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dc.contributor.authorKassimeris, George
dc.date.accessioned2008-05-20T19:58:58Z
dc.date.available2008-05-20T19:58:58Z
dc.date.issued2006
dc.identifier.citationTerrorism and Political Violence, 18(1): 137-57
dc.identifier.issn09546553
dc.identifier.issn15561836
dc.identifier.doi10.1080/095465590953479
dc.identifier.urihttp://hdl.handle.net/2436/27199
dc.description.abstractBy strange coincidence, Greece's Revolutionary Organization 17 November (17 N) met its end almost exactly a year after Osama bin Laden's Al Qaeda terrorists felled New York's twin towers, when the group's leader of operations, Dimitris Koufodinas, turned himself in to the police after months on the run, on September 5, 2002. The capture of Koufodinas and his group marked the demise of the last and most stubborn of a generation of ideological terrorists whose campaigns caused serious political and security problems in Western Europe for more than a quarter of a century. Drawing on the judicial investigation findings and the courtroom testimonies of the terrorists, this article attempts to tell the stories of the four most senior group members in order to understand what led them to act in the way they did and, more crucially, what kept them inside a terrorist organization with no prospects and community support for so long. (Informaworld)
dc.language.isoen
dc.relation.urlhttp://www.informaworld.com/smpp/content?content=10.1080/095465590953479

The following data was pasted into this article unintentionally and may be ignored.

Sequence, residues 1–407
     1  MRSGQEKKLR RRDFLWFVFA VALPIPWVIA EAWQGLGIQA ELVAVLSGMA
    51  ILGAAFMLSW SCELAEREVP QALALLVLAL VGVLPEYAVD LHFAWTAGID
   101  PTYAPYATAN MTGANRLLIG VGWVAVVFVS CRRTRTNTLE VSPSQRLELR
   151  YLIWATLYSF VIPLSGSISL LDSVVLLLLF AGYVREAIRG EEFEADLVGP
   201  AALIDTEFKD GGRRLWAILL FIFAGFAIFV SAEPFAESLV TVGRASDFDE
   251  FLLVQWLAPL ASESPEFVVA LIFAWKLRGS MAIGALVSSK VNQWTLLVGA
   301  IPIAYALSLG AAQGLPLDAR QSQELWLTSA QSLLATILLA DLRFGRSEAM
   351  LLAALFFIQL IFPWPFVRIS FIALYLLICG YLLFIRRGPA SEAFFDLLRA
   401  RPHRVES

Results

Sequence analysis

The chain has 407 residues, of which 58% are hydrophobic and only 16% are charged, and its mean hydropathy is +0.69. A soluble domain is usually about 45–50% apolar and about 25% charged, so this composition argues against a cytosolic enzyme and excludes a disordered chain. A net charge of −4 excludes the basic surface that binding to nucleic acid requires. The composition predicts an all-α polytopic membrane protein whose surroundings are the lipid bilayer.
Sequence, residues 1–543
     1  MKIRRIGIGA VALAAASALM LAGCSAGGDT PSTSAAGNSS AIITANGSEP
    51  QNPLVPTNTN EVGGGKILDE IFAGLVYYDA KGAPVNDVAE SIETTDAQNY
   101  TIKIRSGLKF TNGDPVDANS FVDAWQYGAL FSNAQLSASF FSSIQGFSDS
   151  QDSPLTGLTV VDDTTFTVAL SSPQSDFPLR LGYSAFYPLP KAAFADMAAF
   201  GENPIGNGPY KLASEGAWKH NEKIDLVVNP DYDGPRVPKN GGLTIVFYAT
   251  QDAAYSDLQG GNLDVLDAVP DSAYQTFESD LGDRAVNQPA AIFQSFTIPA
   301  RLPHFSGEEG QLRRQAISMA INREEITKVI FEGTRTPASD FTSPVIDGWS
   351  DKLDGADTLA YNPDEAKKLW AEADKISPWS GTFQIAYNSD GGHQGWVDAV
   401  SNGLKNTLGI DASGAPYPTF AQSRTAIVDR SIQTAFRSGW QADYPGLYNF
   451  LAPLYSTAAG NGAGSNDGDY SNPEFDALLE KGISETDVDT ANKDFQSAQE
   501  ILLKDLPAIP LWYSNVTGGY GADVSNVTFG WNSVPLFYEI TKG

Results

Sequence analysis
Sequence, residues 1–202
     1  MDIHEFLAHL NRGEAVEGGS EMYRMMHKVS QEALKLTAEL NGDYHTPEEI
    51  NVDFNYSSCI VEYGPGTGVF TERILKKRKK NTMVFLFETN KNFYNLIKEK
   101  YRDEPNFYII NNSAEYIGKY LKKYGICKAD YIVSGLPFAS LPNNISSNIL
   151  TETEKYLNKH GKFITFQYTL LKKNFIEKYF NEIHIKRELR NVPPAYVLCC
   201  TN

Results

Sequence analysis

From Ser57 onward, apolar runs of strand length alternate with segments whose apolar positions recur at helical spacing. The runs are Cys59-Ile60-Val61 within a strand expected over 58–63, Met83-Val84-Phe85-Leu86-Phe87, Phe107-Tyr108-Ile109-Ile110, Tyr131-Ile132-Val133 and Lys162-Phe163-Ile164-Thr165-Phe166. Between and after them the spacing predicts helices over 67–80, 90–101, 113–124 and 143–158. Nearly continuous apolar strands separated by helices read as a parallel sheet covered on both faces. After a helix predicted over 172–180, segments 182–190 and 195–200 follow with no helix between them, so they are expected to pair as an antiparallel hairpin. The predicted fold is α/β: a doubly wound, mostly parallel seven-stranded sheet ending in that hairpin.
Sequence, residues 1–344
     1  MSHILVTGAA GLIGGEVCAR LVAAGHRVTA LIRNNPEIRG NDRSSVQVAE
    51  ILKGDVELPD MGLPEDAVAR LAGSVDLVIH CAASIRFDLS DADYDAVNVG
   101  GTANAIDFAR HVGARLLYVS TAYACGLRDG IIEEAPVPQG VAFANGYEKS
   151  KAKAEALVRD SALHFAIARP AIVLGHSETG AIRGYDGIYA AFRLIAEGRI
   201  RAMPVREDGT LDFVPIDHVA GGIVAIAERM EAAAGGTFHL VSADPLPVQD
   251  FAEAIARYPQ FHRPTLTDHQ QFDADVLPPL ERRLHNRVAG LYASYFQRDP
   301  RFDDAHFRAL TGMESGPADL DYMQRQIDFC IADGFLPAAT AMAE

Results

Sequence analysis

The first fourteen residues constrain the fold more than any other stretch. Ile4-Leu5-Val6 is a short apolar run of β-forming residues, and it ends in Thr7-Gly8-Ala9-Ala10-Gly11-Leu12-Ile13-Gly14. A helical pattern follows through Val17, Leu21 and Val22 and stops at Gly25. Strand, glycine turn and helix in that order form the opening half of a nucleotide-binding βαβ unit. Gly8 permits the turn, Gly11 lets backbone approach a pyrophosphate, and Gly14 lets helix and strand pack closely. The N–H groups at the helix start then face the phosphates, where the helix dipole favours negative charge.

dc.subjectGreece
dc.subjectPolitical history
dc.subject20th century
dc.subjectTerrorism
dc.subjectRevolutionary organisations
dc.subject17 November
dc.subjectMarxist/Leninist terrorists
dc.subjectNationalism
dc.subjectGuerrilla warfare
dc.subjectKoufodinas, Dimitris
dc.subjectPolitical trials
dc.titleLast Act in a Violent Drama? The Trial of Greece's Revolutionary Organization 17 November
dc.typeJournal article
dc.identifier.journalTerrorism and Political Violence
html.description.abstractBy strange coincidence, Greece's Revolutionary Organization 17 November (17 N) met its end almost exactly a year after Osama bin Laden's Al Qaeda terrorists felled New York's twin towers, when the group's leader of operations, Dimitris Koufodinas, turned himself in to the police after months on the run, on September 5, 2002. The capture of Koufodinas and his group marked the demise of the last and most stubborn of a generation of ideological terrorists whose campaigns caused serious political and security problems in Western Europe for more than a quarter of a century. Drawing on the judicial investigation findings and the courtroom testimonies of the terrorists, this article attempts to tell the stories of the four most senior group members in order to understand what led them to act in the way they did and, more crucially, what kept them inside a terrorist organization with no prospects and community support for so long. (Informaworld)


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